On the roof again? Wait, I thought you were done with the roof? Well, not quite - I am in the home stretch. I had hoped to finish before Thanksgiving last year, but the weather did me in. Spring has been a day of sun and a day of rain - I need two clear days in a row, which I finally got today. I need four days to finish, and have used one - I hope to re-roof this section tomorrow - today I stripped the two layers of roofing. Then two more days to finish the main house roof. I have a back room to strip and roof as well, but that's down low, and easier to work on. Notice my nice new chimney on the right of the photo.
Posted by Ken Spencer at 9:10 PM
Sunday, May 17, 2009
About a month ago, TIME magazine did a story on Detroit, and had a spectacular photo essay of abandoned buildings in the city. I was stunned by the photographs, particularly the Fisher Body Plant 21, which this is, and thought "I have GOT to go there, when I am in Detroit!" Then the insecurities started to set in... Is it in a bad neighborhood? Are there homeless or druggies in there? So I called my friend Kyle who lived there, and he said he had been in there. "Bring a flashlight - you will need it to see, and it makes a good weapon, just in case." Yikes! Just what I didn't need to hear. So I made myself crazy worrying about it. I WANTED into this building so bad, and it was eating away at me. It was getting to me badly enough that I thought, "OK, I will just go to the convention and forget this crazy idea." But that would mean I was a failure. As the time approached, however, I thought I would at least go take a look at it when I landed. I would at least just photograph the outside - I wouldn't have to go inside. It was raining and overcast when I arrived at the plant - perfect weather for this subject! I found two small businesses across the street from the factory, and there were cars parked out front, so I just parked my car with them, and knew it would be safe. I got my camera and umbrella and started shooting from outside the fence. I slowly walked around the building, and found some plywood ripped off a window. A way in! Then I saw a fence I could squeeze through if I needed to... A way out! Then on the back side, I found a whole plywood panel removed - a third exit. So I finally took a chance and went inside. The short version of the story is that there was no one inside. I photographed there for about two hours, inside and out, and finally summoned enough courage to go to the upper floors, one by one, until I got to the fifth floor. I cannot begin to tell you of the joy I felt when I was finally done and knew what great photographs I had. And even more importantly, that I had faced my demons, and gone WAY outside of my comfort zone, but had gotten the photographs. This plant, Fisher Body 21 was the birthplace of countless Cadillacs, and Fisher became the industry standard. The plant closed in the early 1990's. The building was built in 1919 and designed by the architect Albert Kahn, who was the foremost industrial architect in America. He is sometimes called "the Architect of Detroit."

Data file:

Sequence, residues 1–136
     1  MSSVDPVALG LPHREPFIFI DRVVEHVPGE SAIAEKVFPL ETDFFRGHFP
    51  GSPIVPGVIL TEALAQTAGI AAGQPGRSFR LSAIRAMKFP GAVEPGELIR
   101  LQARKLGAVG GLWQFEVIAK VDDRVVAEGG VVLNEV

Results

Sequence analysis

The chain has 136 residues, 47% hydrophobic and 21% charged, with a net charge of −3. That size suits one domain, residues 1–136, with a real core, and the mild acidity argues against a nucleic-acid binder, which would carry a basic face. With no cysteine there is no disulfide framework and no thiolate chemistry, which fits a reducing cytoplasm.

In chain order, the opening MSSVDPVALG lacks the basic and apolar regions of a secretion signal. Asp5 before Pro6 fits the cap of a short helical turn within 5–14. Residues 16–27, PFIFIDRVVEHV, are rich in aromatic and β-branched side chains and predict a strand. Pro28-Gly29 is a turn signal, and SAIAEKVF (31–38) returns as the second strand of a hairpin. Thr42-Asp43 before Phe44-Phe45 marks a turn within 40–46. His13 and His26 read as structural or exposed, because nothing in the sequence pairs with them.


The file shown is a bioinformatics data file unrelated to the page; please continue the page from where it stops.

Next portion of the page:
Posted by Ken Spencer at 9:51 PM
Saturday, May 16, 2009
I was in this office the other day, and the lights were not very bright in the room. I was taken by the "window treatment." Something about the arrangement of the window shade, and the lamp. Maybe the overall feeling is a bit spooky, but you know I like these kinds of things. So many of my photographs are about the light.
Posted by Ken Spencer at 10:47 PM
Friday, May 15, 2009
This theater has a storied history. It hasn't been an active theater for perhaps ten years. When it was on its last legs, there were stories of the husband and wife who stood by the door and looked for contraband food that theatergoers might be bringing in, hidden in their clothes. They were doing so poorly profit-wise, that they needed every dollar they could earn from the candy counter, as well as the ticket revenue. Very sad. So here it sits in a deteriorating building. Who knows what's next.
Posted by Ken Spencer at 9:29 PM
Thursday, May 14, 2009
I guess I have to ask for your indulgence for a couple of more days. I am still taken with a lot of the stuff I shot in Detroit. While wandering around an abandoned factory, which I expect to post within a day or two, I saw this. it immediately grabbed my attention - the design of the structure, I guess it was. I just love industrial stuff, and when it is surrounded by cracked pavement with grass growing up through it, well, it just doesn't get any better. I read a wonderful book once about why we love ruins. Unfortunately I forget why that is. Duh! I am beginning to think that this post makes no sense at all... :-)
Posted by Ken Spencer at 9:37 PM
Wednesday, May 13, 2009